Last summer Field Day and Mighty Hoopla held a three day music festival over the first weekend of June. The license they were granted in April 2018 for a time limited festival and the permission authorised in February were for a festival of 33,000 with an event footprint of around a third of the total area of the park. It was for one year only and at the time of the post event debrief in October we were informed that Field Day would not be making an application to hold the event in the park for 2019.
Mighty Hoopla has however applied to hold a two-day event for 2019. This is for an event of around 25,000 people over two days with a smaller event footprint than last year. In keeping with last year, this is proposed to be an event focused on the LGBT community on the Saturday and a Jazz festival on the Sunday. The dates they are applying for are the 8-9th of June and the set-up programme is promised to be more limited than last year.
In December 2017 we held a consultation event with Thurlow Park residents – a write up of which can be found here – where there was significant concern about events in the park. Based on these findings we came to the conclusion that restrictions on the size and scale of events in the park were needed. When the event took place there were significant concerns about the three-week set-up period for Field Day and Mighty Hoopla and the way it blocked access to the park. Of particular concern was the erection of large security barriers over much of the park, giving the impression that large parts of the park were out-of-bounds for nearly two and half weeks prior to the festival.
Whilst Mighty-Hoopla’s current application is smaller than last year and closer to what we as your councillors argued for in 2018, we understand there will still be considerable concerns about the event that is why there will be a public drop-in session with the event organisers on the 26th February in Herne Hill. Details can be found here:
After this point the applicant will be applying for a license through the statutory licensing process. We will be submitting a representation on noise levels to ensure that the high standards of last year are not only maintained but also extended to tackle the noise problems in the Croxted Road area last year. We also want all of the conditions, which applied to Field Day’s licence to continue over to this year. In the event that any of these conditions are not met or the festival organisers are unwilling to meet these conditions we would recommend that the event does not go ahead.
In our work in response to this event application so far, we have also secured conditions that the high level of security that surrounded last year’s event days in terms of stewards and security personnel, will continue and we want to see this as a condition of their license. We are determined that the relatively lax security regime surrounding the festivals in the park in 2016 will never be a feature of any future commercial event in the park.
During the 2018 Council elections we made a commitment to work towards ending the dependence of the park on music festivals and ensure that a stable financial footing was found for the park. We have continued to support the Brockwell Park Community Partners (BPCP) on-going project to regenerate Brockwell Hall as a venue that could host weddings and other commercial events, with a direct revenue stream into the park. This has successfully completed the first stage of the application for a multi-million pound Heritage Lottery Fund grant.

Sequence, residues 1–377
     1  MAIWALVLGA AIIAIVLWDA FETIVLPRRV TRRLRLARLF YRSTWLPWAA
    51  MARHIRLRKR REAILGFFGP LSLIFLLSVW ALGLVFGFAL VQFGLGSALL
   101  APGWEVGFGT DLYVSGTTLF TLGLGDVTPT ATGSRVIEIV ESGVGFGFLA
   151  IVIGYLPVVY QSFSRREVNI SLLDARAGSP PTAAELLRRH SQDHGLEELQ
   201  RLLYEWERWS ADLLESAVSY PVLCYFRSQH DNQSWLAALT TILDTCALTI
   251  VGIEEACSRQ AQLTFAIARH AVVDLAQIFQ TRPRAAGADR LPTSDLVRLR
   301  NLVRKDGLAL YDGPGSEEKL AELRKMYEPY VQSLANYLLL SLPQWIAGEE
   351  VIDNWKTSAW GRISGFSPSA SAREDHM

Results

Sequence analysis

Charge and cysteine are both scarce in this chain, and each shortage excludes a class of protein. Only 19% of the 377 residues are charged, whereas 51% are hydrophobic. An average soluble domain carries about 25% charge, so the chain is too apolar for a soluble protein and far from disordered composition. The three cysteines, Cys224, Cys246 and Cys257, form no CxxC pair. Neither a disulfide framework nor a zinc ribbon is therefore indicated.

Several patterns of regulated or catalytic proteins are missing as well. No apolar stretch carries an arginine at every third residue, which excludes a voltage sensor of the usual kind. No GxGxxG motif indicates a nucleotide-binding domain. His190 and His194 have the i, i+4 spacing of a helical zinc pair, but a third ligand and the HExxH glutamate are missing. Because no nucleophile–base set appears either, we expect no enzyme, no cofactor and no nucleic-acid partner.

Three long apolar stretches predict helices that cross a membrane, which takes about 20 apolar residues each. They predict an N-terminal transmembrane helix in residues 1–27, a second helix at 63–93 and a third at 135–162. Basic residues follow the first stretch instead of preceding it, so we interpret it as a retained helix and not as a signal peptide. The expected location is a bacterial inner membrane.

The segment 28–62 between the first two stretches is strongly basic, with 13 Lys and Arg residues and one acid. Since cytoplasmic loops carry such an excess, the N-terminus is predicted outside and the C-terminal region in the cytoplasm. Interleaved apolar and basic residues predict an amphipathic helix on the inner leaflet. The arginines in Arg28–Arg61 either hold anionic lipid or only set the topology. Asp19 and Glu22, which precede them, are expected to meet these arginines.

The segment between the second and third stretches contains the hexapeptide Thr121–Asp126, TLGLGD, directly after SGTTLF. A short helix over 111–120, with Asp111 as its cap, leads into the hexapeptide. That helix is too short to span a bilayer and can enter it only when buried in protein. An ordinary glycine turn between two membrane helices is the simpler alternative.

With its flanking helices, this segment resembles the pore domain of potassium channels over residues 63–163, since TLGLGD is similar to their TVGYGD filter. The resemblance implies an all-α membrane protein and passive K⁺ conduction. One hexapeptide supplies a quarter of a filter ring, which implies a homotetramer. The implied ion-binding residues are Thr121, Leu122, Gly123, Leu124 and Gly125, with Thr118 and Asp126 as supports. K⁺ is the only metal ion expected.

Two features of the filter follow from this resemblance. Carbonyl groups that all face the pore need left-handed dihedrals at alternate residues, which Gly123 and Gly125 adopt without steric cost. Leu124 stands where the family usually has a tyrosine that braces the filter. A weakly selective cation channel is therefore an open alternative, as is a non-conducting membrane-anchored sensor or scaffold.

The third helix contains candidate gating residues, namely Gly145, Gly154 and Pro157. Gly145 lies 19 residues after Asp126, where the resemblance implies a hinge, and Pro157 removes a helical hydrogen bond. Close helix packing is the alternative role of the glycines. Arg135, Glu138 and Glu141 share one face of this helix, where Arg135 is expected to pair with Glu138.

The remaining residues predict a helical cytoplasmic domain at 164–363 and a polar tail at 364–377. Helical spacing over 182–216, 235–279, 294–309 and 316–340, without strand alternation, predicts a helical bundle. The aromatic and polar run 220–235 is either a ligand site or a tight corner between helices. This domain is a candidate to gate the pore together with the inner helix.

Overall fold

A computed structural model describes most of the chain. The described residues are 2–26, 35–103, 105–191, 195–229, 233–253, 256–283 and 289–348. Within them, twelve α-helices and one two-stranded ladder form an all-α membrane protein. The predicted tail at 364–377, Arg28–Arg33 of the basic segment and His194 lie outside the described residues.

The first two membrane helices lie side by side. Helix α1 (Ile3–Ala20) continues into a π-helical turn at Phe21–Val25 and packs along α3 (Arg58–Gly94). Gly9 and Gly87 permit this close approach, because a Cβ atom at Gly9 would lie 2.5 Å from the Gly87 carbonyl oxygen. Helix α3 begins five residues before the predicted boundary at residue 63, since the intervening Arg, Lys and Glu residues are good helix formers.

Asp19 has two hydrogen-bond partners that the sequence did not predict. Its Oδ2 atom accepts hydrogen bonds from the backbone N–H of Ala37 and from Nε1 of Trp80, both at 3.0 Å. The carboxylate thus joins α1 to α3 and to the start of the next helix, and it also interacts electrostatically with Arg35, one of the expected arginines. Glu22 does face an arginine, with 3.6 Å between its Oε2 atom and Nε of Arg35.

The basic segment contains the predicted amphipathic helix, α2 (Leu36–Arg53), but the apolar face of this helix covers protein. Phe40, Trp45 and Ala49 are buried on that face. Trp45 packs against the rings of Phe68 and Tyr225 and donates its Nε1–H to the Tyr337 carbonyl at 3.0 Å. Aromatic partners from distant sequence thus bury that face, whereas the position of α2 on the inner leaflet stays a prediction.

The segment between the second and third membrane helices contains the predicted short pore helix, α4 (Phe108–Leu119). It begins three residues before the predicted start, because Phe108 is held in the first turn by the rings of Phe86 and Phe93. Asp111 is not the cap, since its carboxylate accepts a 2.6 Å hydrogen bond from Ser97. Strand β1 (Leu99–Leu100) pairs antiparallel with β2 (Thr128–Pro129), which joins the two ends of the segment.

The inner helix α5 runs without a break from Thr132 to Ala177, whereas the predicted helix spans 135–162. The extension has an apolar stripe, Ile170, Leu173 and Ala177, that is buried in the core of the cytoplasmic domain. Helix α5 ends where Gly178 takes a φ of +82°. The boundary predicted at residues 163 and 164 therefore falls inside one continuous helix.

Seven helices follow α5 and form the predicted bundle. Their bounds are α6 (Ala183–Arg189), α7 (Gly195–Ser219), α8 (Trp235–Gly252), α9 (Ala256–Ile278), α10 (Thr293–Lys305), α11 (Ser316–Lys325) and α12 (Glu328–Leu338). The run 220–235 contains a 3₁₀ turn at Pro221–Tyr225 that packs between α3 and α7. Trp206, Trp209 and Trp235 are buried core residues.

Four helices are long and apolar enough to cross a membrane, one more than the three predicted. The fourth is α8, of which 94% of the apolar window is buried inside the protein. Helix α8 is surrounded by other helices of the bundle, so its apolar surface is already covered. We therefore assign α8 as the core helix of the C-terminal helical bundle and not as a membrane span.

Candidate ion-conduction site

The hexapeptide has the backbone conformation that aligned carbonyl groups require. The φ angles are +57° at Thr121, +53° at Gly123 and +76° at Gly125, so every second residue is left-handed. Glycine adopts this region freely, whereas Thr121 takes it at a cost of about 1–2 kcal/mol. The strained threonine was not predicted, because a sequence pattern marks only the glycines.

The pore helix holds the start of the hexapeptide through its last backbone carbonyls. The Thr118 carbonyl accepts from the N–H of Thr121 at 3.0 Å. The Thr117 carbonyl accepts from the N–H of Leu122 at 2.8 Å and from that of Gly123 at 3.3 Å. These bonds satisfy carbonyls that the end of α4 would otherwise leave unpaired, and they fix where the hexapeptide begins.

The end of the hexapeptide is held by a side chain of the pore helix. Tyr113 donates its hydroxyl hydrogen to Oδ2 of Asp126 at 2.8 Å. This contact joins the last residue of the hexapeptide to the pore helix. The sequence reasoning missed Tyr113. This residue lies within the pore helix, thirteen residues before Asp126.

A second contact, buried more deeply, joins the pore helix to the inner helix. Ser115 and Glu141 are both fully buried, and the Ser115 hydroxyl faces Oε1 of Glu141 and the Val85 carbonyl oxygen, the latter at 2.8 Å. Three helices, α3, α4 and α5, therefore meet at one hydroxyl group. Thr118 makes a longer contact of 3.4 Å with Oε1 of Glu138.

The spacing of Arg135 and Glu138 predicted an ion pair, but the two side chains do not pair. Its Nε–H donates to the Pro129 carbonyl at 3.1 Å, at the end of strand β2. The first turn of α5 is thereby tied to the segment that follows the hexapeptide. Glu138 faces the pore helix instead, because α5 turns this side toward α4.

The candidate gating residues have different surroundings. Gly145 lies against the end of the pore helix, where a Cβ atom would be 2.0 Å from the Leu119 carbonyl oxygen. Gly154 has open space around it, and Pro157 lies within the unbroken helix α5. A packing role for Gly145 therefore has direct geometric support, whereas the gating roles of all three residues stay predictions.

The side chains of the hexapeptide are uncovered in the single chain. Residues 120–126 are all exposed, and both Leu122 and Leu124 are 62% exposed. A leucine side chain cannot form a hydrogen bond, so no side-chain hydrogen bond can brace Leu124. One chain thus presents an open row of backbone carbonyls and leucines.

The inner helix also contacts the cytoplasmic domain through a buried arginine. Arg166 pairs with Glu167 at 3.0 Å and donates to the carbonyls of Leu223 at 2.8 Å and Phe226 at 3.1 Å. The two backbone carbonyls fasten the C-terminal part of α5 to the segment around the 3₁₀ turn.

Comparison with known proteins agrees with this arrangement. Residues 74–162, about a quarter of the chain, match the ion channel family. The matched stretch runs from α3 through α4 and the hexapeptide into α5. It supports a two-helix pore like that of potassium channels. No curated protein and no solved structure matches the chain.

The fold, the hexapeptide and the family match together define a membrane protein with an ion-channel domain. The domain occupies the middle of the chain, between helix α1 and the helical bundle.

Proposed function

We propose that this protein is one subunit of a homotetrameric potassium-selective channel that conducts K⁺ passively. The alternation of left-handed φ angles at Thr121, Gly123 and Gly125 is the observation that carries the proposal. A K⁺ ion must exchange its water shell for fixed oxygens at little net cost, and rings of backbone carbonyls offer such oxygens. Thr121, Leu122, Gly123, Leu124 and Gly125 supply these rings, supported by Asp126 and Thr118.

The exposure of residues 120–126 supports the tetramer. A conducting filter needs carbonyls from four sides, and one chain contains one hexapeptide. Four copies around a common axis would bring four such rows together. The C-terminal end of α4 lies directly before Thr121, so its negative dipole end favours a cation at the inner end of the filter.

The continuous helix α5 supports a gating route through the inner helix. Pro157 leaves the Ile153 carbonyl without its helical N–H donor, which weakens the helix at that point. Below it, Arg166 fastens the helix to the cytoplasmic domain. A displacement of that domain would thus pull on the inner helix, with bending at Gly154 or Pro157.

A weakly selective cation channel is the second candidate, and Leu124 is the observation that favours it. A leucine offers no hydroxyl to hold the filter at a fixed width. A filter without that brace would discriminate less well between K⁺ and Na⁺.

We have also been working on proposals to redevelop the disused football pitches to convert them into a site, which can be rented out for sports training, including five-a -side football leagues, with the income going into the running of the park. We are also looking at a number of other options none of which involve fenced-off commercial events to allow the park to be run on a sustainable financial footing.
Simply to keep Brockwell Park open, the bins cleared and the grass cut costs over £400,000 each year. Due to on-going austerity from central government the park service has been severely cut in recent years with millions being squeezed from Lambeth’s parks budget. All events that take place in the park have to pay three sources of money; a commercial rent to the council, a Park Infrastructure Levy (PIL), which is paid directly into the park, and a damage deposit to act as security against any expenses occurred in repairing damage. The commercial rent for an event like Field Day in 2018 is in excess of £200,000 and PIL – which goes directly into Brockwell Park – was over £36,000. All costs of fixing the park were also born by the event organisers. Field Day also ran an extensive community fund, which put sums of money into a number of projects in and around the park including the BMX track.
Following a reorganisation of the events and parks department, the delayed review of the events policy will be taking place this month. This is something we as your Councillors have been campaigning hard on as we want to ensure that environmental impact assessments are carried out before events take place and that set up times are reduced where possible to guarantee residents access to the park at all times.
This will be starting in the next two weeks and we will be arranging to hear from residents on this process shortly with an interactive group session to be held in the ward in the next few weeks to gauge opinion on the matter.